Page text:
Check with your theme designer for clarification and directives about how your theme will work with these Zip file upgrades and downgrades.
Native XML Sitemaps
WordPress 5.5 now also natively generates an XML Sitemap for your site. This is a directory listing of your content that is specifically formatted for search engine bots to read.
The slug to see it will be /wp-sitemap.xml
It’s very basic and most of us will want to continue using the XML Sitemap that is being generated by our SEO plugin, as it offers a better way to control what’s in the sitemap.
If you are using Yoast SEO, it already has a function to detect and turn off the native WP XML Sitemap. So, there’s no setting for you to check or change with this, in that case.
If you do want to use the native one, it has a different URL for access and you will need to update that path in your robots.txt file and in Google Search Console.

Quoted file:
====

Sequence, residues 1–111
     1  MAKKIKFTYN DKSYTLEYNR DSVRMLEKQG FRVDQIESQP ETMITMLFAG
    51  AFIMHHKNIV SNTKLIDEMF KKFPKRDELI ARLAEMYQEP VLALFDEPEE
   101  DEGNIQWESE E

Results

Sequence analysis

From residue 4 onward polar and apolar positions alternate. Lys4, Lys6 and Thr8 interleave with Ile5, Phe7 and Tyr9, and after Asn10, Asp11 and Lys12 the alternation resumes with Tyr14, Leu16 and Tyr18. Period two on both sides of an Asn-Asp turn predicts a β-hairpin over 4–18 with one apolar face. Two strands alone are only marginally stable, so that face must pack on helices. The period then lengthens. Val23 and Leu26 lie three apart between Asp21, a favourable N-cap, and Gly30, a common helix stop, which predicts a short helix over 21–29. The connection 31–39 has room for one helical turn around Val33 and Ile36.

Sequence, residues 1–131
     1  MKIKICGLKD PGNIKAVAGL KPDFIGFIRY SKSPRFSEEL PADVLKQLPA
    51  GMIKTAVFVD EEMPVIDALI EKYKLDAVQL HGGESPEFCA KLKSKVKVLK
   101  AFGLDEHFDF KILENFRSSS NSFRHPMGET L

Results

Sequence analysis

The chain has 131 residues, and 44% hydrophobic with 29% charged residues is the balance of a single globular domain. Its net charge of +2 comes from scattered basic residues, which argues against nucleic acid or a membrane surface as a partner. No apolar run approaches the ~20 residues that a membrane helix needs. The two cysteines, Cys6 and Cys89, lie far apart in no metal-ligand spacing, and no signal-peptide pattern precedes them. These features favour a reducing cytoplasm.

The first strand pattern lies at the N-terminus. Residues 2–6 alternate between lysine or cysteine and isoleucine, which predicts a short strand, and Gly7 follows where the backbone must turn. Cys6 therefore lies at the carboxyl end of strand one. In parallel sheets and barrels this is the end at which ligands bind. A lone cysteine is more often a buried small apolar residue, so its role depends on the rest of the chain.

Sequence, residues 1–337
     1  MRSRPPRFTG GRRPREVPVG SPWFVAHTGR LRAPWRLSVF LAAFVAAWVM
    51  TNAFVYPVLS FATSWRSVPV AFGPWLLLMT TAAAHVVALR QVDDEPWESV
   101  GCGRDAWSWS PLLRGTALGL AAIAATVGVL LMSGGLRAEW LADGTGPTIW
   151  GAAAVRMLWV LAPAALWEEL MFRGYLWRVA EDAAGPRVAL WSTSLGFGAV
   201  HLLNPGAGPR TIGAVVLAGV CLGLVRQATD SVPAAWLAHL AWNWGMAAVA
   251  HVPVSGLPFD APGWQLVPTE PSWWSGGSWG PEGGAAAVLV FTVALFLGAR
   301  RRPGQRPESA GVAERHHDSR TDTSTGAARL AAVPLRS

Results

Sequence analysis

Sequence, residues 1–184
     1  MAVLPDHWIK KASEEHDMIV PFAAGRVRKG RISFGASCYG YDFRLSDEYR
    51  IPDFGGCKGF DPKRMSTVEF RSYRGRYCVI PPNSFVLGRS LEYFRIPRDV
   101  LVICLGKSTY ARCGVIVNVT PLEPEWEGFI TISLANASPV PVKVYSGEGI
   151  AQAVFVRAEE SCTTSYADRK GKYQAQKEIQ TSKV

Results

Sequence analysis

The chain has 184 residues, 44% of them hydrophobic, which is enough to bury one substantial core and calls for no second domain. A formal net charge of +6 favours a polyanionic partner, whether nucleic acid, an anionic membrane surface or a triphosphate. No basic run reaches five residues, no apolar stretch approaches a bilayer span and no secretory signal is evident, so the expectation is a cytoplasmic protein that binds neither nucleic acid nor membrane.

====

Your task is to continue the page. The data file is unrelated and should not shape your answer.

Native Lazy Load Images
Images are one of the biggest speed drags on your site.
Some browsers have started including a lazy load feature, and now WordPress is getting in on that too.
However, it is a very basic function and may not preserve your SEO image info.
So, if you are using a premium plugin like the paid version of WP Fastest Cache or WP Rocket, you’ll want to stick with using their far superior lazy load feature.
They offer you ways to control what gets lazy loaded, and they preserve your image SEO.
The lazy load option is turned on by default in WordPress 5.5 and you will have to test if your caching/optimization plugin auto detects it or not, or if there is a need to.
At this time, there is no way to easily turn off this native feature in WP that I know of.
WordPress 5.5 is also rolling more native code libraries into the core code and that will help lighten up plugins that make use of them.
One of the biggest code library changes is the addition of phpMailer. This is the underlying external code library used in plugins that deal with SMTP email issues.